Because when we intervene, we signal to the perpetrator that their behaviour is unacceptable. And if such messages are constantly reinforced within our society, we can shift the boundaries of what is considered acceptable, and problem behaviour can eventually be minimised.

While we might never eliminate violence - of any sort - as bad people will probably always exist, we can at least try to make our world a bit less shit.

Little by little.

And if you're not sure if a particular situation requires intervening and how you can intervene, I strongly recommend reading this article from a charity dedicated to ending domestic violence and sexual assault.

Final thoughts

People who still wonder why women don't come forward sooner in cases of sexual abuse should just look at the comment section of any recent posts about Evan Rachel Wood and Marilyn Manson.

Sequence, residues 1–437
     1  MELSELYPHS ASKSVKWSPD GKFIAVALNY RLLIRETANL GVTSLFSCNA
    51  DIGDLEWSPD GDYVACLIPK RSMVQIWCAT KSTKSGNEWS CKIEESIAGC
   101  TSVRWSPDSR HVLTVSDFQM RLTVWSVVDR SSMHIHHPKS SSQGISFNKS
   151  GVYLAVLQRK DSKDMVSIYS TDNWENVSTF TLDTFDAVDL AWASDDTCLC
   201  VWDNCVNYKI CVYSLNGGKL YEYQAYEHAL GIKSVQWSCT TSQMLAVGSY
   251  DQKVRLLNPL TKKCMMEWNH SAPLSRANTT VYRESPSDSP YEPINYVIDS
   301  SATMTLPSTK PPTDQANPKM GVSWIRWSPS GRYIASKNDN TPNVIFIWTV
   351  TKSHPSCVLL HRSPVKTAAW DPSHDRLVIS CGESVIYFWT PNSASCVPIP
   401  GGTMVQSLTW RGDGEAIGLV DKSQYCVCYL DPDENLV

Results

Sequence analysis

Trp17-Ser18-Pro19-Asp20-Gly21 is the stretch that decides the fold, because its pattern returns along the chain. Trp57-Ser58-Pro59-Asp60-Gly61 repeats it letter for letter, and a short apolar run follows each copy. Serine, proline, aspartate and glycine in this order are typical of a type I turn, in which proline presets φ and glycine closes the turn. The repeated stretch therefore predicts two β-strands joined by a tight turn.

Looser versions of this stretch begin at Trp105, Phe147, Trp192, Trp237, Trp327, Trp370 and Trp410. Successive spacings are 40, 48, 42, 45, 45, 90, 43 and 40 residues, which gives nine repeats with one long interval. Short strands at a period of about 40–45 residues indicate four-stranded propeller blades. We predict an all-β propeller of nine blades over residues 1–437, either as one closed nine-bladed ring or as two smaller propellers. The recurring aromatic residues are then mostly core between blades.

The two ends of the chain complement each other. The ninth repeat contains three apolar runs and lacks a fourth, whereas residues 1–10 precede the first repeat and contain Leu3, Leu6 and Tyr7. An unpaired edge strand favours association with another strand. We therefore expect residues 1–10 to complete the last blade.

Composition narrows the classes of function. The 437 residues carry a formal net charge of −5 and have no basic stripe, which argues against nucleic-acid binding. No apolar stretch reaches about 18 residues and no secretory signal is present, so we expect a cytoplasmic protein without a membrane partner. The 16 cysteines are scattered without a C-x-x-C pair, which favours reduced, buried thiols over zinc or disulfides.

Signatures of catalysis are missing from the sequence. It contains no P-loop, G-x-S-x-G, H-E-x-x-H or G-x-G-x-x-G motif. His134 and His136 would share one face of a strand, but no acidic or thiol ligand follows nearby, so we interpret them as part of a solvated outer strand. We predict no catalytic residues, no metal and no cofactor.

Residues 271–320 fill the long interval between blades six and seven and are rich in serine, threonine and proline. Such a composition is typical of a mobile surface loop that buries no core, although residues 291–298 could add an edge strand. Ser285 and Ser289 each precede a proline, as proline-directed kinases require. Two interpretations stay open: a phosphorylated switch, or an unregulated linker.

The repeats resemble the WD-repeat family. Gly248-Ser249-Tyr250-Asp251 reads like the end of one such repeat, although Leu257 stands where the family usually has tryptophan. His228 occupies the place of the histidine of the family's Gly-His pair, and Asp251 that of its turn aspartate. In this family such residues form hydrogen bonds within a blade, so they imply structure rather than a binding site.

There's a lot of victim-blaming there. A lot of comparisons between her and Amber Heard. And some people even accuse her of lying about Manson and their abusive relationship for money.

Personally, I choose to believe her.

Evan Rachel Wood is not only a courageous woman who shared with the world the horrifying details of the abuse she endured for years, but she's also an advocate for victims of sexual assault and domestic abuse. She wrote and championed the Phoenix Act, a California state bill that empowers survivors to come forward by expanding victims' rights and extending the statute of limitations.

So if anything, I think we need more women and men like her in this world. Not less.

This story was originally published on Medium.

activism

About the author

Katie Jgln

Sometimes serious, sometimes funny, always stirring the pot. Social sciences nerd based in London. Check out my other social media: www.linktr.ee/katiejgln